EXHIBITION: WOMEN.NOW

WOMEN.NOW
SEPTEMBER 26, 2018 - FEBRUARY 18, 2019
Austrian Cultural Forum New York 
11 East 52nd Street, New York 

Artists on view: 
Uli Aigner, Sevda Chkoutova, Adriana Czernin, Ines Doujak, Béatrice Dreux, Titanilla Eisenhart, Maria Hahnenkamp, Heidi Harsieber, Sabine Jelinek, Ellen Lesperance, Margot Pilz, Frenzi Rigling, Eva Schlegel, Claudia Schumann, Joan Semmel, Betty Tompkins, and Martha Wilson

Curated by Sabine Fellner

ABOUT THE SHOW

The Austrian Cultural Forum New York (ACFNY) is pleased to present Women.Now, a group exhibition showcasing contemporary female artists based in Austria and the United States. On view from September 26, 2018 to February 18, 2019, this transmedial show unites artists from different generations, commenting on women’s role in society and the arts.

The exhibition pays homage to major anniversaries: In 1918 and 1920 women in Austria and in the U.S., respectively, were given the right to vote, a milestone in political equality. Second, it recalls 1968, a year in which social norms defined by patriarchal structures were put under radical scrutiny as the feminist avant-garde was formed. In Women.Now, curator Sabine Fellner sheds light on the legacies of these historic developments and how they impact current artistic discourse.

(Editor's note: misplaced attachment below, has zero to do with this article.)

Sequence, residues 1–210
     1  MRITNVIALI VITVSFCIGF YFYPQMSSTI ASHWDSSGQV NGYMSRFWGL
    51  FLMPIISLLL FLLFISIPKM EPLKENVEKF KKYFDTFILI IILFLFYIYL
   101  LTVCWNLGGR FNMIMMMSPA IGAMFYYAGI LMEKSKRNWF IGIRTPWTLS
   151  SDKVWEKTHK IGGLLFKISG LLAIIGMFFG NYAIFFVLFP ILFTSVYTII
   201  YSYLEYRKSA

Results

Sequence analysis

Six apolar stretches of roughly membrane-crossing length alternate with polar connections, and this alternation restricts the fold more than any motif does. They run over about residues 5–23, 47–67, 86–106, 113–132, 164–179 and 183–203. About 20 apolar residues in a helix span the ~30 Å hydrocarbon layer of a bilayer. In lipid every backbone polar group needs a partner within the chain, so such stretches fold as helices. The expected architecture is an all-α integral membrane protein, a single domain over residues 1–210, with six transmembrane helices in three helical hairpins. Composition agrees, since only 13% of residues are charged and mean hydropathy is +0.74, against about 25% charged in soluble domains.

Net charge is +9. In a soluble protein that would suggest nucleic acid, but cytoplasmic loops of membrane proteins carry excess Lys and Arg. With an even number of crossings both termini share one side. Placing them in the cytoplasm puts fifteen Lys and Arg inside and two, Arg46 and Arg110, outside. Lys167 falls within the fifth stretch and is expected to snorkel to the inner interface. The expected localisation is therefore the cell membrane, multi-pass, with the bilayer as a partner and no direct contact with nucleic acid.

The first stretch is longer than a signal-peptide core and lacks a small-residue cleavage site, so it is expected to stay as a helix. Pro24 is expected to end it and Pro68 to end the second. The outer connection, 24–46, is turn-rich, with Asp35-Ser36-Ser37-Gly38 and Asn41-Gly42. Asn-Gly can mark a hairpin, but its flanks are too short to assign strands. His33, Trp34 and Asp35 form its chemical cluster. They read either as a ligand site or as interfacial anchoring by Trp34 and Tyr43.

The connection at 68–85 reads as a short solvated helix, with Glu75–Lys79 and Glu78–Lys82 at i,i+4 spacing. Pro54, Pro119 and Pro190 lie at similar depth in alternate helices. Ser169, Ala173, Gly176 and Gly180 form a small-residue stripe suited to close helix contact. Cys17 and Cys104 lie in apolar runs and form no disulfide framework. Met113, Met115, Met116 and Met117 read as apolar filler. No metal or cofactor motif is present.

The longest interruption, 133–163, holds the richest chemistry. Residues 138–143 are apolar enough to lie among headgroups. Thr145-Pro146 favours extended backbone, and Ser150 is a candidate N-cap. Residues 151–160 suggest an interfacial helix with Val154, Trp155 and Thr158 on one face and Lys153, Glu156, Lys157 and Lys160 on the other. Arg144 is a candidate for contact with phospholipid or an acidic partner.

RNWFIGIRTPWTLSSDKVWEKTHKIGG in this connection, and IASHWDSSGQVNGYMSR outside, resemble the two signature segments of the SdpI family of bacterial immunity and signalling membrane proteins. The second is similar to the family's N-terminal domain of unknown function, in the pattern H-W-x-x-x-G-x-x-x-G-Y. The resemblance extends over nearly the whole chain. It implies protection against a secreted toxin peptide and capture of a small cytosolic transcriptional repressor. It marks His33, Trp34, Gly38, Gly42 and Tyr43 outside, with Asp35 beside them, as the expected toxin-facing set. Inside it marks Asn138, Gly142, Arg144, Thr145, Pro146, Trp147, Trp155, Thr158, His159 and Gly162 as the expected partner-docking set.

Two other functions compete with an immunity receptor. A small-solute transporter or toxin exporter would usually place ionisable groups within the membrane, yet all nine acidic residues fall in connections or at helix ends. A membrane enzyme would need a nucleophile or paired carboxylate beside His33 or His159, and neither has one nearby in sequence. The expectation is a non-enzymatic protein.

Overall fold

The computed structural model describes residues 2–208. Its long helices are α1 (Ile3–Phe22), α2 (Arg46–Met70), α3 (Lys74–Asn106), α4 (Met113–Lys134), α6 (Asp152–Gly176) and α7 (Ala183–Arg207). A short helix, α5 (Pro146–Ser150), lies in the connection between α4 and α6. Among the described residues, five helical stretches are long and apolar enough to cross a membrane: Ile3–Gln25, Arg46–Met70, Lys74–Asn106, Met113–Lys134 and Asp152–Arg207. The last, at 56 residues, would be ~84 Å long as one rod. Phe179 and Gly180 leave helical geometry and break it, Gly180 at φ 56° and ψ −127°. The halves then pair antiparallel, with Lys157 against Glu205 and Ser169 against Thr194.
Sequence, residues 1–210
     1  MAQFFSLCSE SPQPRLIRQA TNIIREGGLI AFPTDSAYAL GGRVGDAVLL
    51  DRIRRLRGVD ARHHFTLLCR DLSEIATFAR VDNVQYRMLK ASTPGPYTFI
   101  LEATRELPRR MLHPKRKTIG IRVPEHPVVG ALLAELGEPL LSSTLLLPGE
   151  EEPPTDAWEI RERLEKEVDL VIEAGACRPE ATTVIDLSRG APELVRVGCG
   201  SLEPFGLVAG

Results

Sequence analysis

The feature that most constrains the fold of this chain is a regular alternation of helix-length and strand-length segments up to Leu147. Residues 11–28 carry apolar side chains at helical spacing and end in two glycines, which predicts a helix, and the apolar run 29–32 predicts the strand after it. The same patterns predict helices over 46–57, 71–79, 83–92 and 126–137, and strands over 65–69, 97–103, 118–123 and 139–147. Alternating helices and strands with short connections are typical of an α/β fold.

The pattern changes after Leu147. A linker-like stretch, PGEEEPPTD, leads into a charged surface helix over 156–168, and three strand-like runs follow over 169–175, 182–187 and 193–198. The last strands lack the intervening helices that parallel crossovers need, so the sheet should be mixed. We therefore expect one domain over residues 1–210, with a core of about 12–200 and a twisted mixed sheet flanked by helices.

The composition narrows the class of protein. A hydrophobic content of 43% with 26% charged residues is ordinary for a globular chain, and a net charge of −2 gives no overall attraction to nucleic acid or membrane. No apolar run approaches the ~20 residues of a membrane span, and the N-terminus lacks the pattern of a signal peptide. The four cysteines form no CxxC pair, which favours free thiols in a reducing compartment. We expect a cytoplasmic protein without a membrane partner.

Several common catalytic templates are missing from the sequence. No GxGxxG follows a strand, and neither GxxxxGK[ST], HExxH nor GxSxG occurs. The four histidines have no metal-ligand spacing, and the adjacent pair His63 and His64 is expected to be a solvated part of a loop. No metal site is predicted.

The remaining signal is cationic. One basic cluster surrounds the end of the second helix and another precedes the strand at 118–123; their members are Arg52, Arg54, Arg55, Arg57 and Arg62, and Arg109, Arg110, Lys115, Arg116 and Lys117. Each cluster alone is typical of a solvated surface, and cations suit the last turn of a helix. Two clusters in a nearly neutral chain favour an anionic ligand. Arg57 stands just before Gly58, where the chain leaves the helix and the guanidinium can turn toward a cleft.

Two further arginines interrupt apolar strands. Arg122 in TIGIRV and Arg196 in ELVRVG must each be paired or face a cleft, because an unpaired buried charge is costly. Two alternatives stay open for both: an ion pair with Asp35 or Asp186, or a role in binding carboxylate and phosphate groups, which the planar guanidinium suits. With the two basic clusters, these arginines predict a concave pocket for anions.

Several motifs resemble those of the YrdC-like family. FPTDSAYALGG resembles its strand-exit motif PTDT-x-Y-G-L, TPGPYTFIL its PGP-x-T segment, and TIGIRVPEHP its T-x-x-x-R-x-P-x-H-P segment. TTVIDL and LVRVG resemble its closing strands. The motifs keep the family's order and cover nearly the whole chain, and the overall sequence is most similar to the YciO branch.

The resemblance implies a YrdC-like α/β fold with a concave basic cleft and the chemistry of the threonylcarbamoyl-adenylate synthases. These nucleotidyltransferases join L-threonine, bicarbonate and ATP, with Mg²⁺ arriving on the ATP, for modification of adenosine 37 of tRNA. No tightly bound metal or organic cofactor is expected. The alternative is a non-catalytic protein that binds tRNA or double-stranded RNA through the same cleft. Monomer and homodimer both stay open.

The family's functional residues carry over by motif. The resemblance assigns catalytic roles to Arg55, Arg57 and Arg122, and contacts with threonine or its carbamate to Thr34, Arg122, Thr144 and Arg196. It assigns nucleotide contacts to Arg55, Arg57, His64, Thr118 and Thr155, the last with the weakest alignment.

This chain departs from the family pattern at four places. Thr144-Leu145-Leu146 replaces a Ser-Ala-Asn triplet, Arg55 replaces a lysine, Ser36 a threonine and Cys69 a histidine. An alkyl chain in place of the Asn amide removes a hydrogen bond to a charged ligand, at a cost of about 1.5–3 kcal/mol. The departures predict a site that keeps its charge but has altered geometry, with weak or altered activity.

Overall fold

A video by Margot Pilz sets the precedent for the show. Her short film explores female figures which traditional historical narratives belittle, encouraging the spectator to reflect on stories that tend not to be told. Comparably, Béatrice Dreux attempts to disengage notorious mythical goddesses and priestesses from their paternalistic narration and have them speak for themselves. Pilz and Dreux thus map out a broad field of gender discrimination, more specific subsets of which other pieces in the exhibition examine in greater detail.

Artworks by Ellen Lesperance, Ines Doujak, and Uli Aigner focus on trades that are traditionally associated with women and the feminine, such as the textile industry or pottery, and endow them with strong political commentary. While Doujak calls attention to exploitive relations of economic power in the fast-paced fashion industry, Aigner and Lesperance reconcile the private and the political, enmeshing features of key (political) figures with typically feminine craftsmanship.

Sabine Jelinek and Eva Schlegel investigate the nature of freedom, in particular women’s claim to it, and expose the ambivalence of a notion that blurs the line between flying towards the sky and tumbling through the air.